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Spelman Commencement Speaker

Commencement Speaker

2018 Speaker:  Rosalind Gates Brewer, C’84

ExecPhoto_RozBrewer (web)Rosalind Gates Brewer, C’84, group president Americas and chief operating officer for Starbucks, has been named commencement speaker for the Spelman College class of 2018. As the first alumna to serve as commencement speaker in 30 years, since Marian Wright Edelman, C’60, addressed the graduating class of 1988, Brewer will address 472 graduates and 8,000 of their family and friends during the ceremony on Sunday, May 20, 2018, at 3 p.m., at the Georgia International Convention Center in Atlanta.

Brewer is a proven C-suite executive with more than 30 years of experience leading some of the world’s largest and most recognized public companies. Throughout her distinguished career she has achieved several notable firsts, including being the first woman and first African American to hold the role of COO at Starbucks. She also made history when she joined Sam’s Club in 2012, the $56 billion members-only warehouse channel of Walmart Inc., by becoming the first woman and first African American to lead a Walmart division. She has repeatedly been named one of the world’s most powerful women by Fortune and Forbes, ranking No. 19 and No. 57 respectively in 2016. She also serves on the board of directors for Starbucks and chairs the Spelman College Board of Trustees.

“Rosalind Brewer is a stellar example of the Spelman woman, one who has made a significant impact not only as a business woman, but as a global citizen,” said Spelman President Mary Schmidt Campbell, Ph.D. “She has forged a path that has led to numerous successes in corporate America and has served as an exceptional chair of the Spelman College Board of Trustees. We are pleased to have someone who confidently knows her own voice and strengths, and who as STEM major and Spelman alumna, can share her experience with the class of 2018.”

Brewer helms Starbucks operating businesses across the Americas (Canada, U.S. and Latin America) as well as the global functions of supply chain, product innovation and store development organizations. In addition to serving as president and CEO of Sam’s Club, her past senior leadership positions include six years in executive roles for Walmart and 22 years at Kimberly-Clark where she worked her way up from scientist to president of the Global Nonwovens Sector.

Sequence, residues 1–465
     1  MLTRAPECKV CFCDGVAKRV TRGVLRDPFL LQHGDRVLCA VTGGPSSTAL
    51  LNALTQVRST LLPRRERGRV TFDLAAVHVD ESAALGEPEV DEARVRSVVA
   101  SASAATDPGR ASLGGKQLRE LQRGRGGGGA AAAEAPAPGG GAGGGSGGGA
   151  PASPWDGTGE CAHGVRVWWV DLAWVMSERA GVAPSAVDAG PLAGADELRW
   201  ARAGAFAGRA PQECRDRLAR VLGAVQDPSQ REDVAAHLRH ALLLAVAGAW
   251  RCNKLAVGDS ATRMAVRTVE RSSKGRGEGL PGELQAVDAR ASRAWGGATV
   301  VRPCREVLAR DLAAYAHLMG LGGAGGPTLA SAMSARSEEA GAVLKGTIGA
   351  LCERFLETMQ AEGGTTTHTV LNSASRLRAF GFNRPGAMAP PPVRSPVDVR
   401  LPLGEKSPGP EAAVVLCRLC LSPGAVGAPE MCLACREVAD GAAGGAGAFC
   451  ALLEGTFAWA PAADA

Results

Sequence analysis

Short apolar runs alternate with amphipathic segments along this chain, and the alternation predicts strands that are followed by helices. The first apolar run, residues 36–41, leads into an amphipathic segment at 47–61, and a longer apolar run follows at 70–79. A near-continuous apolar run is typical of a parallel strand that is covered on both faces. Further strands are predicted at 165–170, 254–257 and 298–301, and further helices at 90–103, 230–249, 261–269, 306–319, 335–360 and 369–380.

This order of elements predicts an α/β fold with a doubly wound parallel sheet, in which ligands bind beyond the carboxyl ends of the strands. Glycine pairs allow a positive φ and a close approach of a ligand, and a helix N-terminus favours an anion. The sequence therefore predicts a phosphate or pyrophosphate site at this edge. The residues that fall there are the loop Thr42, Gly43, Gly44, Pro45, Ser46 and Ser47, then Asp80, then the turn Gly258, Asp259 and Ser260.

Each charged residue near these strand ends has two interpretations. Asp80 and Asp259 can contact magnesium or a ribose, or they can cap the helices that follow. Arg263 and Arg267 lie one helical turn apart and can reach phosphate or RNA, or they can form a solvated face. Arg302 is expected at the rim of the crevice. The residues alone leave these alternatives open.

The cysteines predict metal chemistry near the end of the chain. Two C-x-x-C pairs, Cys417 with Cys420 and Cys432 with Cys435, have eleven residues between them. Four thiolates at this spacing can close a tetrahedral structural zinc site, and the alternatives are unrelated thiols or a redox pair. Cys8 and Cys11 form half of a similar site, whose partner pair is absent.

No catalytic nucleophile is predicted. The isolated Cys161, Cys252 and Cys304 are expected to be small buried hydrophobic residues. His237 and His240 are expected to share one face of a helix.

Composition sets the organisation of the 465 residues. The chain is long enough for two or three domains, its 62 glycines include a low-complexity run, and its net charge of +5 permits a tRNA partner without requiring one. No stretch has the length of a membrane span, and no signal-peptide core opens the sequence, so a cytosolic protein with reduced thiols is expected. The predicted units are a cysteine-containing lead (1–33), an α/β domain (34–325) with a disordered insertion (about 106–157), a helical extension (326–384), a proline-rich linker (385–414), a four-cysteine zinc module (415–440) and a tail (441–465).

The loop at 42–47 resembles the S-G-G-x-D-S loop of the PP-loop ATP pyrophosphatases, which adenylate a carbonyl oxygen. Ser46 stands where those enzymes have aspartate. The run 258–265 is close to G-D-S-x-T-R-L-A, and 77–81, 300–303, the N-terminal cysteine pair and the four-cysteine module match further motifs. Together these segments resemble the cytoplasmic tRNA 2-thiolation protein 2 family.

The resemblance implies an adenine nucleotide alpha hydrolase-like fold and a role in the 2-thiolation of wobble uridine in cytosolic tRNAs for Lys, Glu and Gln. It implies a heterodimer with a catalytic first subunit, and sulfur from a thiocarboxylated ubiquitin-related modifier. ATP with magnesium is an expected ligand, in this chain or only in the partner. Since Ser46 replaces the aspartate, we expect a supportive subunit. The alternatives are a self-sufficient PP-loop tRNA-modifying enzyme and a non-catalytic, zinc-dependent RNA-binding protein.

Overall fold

As a corporate leader and mentor, Brewer has been intentional in her efforts to create roadmaps and reduce barriers for those within her sphere of influence as it relates to the success of the organizations where she’s held leadership roles. “I count among my successes the individuals who have been promoted, the entrepreneurs who now own their own businesses and the executives who are now corporate leaders in their own right,” she said.

She also views her fellow alumnae and Spelman trustees as an integral part of her circle of champions. “During my time on the board of trustees, I have had the opportunity to serve alongside Spelman alumnae including Yvonne Jackson, C’70, Jerri DeVard, C'79, Lovette Russell, C'83, and Celeste Watkins-Hayes, Ph.D., C'96,” said Brewer. “These women modeled, far beyond our graduation, the lessons we learned at Spelman about the power of sisterhood, authenticity and truth in the face of adversity. These lessons and their faith in me and words of advice and encouragement helped me to stand in my truth at some of the most challenging times in my career.”

Brewer earned a bachelor’s degree in chemistry from Spelman in 1984 and attended Wharton’s Advanced Management Program and Stanford University’s Directors’ College. The recipient of the Spelman College Legacy of Leadership award, she continues to give back her alma mater in numerous ways, including establishing the Rosalind Gates Brewer Scholarship in 2013, which has supported nine first-generation college students to date, serving on the class of 1984’s Reunion planning committee and working with the College on student recruitment and mentoring initiatives.

Honorary Degree Recipient: Bryan Stevenson

Bryan Stevenson at SpelmanBryan Stevenson is the founder and executive director of the Equal Justice Initiative in Montgomery, Alabama. Stevenson is a widely acclaimed public interest lawyer who has dedicated his career to helping the poor, the incarcerated and the condemned. Under his leadership, EJI has won major legal challenges eliminating excessive and unfair sentencing, exonerating innocent death row prisoners, confronting abuse of the incarcerated and the mentally ill and aiding children prosecuted as adults.